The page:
EthiopiaApril 13, 2010
Notice: Adoption Processing at the U.S. Embassy in Addis Ababa
The Federal First Instance Court of Ethiopia has announced that as of May 9, 2010, adoptive parents must appear at the federal court hearing for their adoptive child in order for the adoption to be approved. This new requirement will affect all pending and new adoption cases that have not yet been presented to the court. If there are two adoptive parents but only one parent can attend the hearing, the attending parent must have a power of attorney from the other. However, please note that if only one parent meets the adoptive child before the court date, the child will qualify for an IR-4, not an IR-3 visa (which means that the child will not become a U.S. citizen upon entry to the United States).
In addition, the Government of Ethiopia recently announced that they have revoked the licenses of nine orphanages in different regions of the country. Those orphanages are:
- Adera child orphanage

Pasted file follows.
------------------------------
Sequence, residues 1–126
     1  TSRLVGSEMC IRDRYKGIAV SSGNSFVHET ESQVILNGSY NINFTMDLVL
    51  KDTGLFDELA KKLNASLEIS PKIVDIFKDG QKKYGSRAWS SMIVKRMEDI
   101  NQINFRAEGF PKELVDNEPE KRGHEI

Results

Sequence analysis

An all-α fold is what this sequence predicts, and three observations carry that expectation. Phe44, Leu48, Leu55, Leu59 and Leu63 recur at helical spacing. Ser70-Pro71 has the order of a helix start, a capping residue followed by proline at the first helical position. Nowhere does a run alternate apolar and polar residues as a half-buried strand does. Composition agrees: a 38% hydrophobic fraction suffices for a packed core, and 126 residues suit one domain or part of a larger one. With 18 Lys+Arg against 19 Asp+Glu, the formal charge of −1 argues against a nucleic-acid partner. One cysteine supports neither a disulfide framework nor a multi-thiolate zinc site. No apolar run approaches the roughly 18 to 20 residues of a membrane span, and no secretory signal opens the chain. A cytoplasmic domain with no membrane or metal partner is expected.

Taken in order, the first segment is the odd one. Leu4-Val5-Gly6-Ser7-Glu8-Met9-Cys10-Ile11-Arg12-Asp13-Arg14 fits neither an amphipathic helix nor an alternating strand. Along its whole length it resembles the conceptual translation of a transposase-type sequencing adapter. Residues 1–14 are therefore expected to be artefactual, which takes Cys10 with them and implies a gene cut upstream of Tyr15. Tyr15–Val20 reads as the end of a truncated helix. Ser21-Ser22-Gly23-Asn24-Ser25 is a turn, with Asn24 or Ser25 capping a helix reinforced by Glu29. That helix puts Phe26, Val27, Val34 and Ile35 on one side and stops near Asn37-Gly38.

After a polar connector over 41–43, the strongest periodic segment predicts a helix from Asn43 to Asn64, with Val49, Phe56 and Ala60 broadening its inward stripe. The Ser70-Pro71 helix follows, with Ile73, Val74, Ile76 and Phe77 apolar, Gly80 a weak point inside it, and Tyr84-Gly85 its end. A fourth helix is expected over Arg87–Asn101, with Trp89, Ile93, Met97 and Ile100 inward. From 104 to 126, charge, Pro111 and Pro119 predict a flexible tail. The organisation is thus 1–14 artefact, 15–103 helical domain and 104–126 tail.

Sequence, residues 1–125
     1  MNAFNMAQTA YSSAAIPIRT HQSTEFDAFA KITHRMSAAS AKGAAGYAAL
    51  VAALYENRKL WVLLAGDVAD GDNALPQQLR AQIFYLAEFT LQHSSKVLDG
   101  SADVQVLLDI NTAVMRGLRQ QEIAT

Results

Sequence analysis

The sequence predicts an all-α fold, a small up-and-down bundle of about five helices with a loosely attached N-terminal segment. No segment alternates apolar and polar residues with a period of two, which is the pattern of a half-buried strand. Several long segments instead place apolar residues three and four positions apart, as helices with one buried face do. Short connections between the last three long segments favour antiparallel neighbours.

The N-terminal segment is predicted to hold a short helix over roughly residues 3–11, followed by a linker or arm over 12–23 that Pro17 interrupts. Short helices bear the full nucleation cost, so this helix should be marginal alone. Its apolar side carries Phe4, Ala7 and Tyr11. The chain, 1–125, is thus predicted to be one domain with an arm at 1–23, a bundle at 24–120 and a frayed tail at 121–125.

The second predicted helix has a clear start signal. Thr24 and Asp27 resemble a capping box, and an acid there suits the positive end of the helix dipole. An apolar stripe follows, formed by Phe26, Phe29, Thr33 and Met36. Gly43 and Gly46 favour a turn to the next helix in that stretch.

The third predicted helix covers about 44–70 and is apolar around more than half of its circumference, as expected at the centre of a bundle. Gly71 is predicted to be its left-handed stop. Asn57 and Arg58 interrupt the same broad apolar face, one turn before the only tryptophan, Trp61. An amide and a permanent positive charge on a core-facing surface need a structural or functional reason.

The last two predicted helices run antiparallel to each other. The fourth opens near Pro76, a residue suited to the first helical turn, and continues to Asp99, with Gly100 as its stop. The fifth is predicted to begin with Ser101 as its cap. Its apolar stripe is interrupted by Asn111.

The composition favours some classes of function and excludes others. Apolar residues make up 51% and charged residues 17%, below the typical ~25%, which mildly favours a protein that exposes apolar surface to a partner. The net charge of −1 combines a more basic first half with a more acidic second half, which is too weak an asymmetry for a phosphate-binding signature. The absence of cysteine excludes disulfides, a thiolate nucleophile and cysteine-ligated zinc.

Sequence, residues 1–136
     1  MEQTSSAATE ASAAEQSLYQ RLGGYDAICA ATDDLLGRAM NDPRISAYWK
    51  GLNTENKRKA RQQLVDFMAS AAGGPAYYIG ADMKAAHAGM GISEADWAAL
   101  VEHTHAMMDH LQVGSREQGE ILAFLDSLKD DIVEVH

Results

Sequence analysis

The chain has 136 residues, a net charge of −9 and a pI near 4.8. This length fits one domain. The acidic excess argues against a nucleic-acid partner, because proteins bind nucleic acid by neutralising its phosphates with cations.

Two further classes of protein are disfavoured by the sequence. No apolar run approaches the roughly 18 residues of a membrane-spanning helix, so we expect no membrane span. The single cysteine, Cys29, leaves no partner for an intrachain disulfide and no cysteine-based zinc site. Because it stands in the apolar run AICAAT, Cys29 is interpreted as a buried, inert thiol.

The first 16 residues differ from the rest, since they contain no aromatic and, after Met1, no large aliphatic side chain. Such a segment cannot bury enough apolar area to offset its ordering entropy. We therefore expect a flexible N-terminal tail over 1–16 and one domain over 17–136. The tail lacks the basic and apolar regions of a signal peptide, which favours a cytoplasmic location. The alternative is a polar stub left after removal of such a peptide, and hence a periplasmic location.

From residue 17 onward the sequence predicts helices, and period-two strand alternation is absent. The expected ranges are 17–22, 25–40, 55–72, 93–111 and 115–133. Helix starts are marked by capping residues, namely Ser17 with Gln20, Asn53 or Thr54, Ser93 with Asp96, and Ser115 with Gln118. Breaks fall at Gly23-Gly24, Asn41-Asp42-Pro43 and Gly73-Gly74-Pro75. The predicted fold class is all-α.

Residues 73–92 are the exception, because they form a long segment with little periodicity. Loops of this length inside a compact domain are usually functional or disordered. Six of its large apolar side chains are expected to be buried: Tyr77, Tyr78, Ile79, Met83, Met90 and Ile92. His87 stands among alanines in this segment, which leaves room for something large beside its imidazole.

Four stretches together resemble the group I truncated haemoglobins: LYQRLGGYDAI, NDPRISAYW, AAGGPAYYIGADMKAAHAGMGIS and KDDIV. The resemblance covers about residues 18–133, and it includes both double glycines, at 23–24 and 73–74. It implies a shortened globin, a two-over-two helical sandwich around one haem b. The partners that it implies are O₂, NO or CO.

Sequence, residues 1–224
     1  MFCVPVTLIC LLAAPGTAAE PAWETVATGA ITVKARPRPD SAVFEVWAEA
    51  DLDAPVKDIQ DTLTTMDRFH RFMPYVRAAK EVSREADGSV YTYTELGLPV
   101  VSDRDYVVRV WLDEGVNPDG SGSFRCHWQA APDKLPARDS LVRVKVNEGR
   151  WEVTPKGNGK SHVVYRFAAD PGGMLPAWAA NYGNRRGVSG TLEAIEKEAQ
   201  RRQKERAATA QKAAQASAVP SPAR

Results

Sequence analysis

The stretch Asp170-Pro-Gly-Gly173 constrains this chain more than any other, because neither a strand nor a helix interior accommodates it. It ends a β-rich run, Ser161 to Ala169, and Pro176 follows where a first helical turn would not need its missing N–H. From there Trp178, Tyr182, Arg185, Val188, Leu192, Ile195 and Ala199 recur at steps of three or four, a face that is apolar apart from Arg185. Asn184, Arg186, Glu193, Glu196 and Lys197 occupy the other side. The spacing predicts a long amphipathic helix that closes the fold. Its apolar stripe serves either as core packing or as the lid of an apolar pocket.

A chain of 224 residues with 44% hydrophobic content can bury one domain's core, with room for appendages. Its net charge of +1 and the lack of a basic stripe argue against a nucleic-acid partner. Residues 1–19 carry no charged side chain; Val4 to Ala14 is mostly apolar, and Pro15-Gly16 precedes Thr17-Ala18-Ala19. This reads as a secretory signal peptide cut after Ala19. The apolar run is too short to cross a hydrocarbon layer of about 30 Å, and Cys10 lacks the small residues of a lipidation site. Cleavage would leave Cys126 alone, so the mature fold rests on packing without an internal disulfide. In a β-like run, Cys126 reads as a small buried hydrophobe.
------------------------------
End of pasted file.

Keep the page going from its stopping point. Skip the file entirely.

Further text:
- Agar Lewegen orphanage
- Almaz orphanage
- Biruh Zemen orphanage
- Bitania orphanage
- Help for the Needy orphanage
- Holy Savior orphanage
- Kunket orphanage
- Tsega orphanage
The Government has informed the Embassy that all children in those orphanages have been moved to accredited orphanages, and the Ministry of Women's Affairs has stated that those children should still be available to be matched for international adoption. Prospective adoptive parents should contact their agency or the Ministry of Women's Affairs (MOWA) if they wish to confirm that the child with whom they were already matched is still available for adoption. When contacting MOWA, be sure to include the name of the child, the orphanage name and the adoption agency's name.
Adoptive parents should be aware that in all adoption visa cases worldwide, an I-604 (Determination on Child for Adoption, sometimes referred to as "orphan investigation") must be completed in connection with every I-600 application. Depending on the circumstances of the case, this investigation may take up to several weeks or even months to complete. Therefore, adoptive parents should not plan to travel to Ethiopia until they have confirmed with their adoption agency that their visa interview appointment has been confirmed. Adoptive parents should be aware that at any point that a consular officer encounters information that indicates that a child's history may be different than documented, the consular officer is obligated to investigate the case further until it can be confirmed that the child meets the definition of "orphan" under U.S. immigration law.
The Embassy's Adoptions Unit can be reached at email@example.com.
Please continue to monitor http://adoption.state.gov/ for updated information as it becomes available.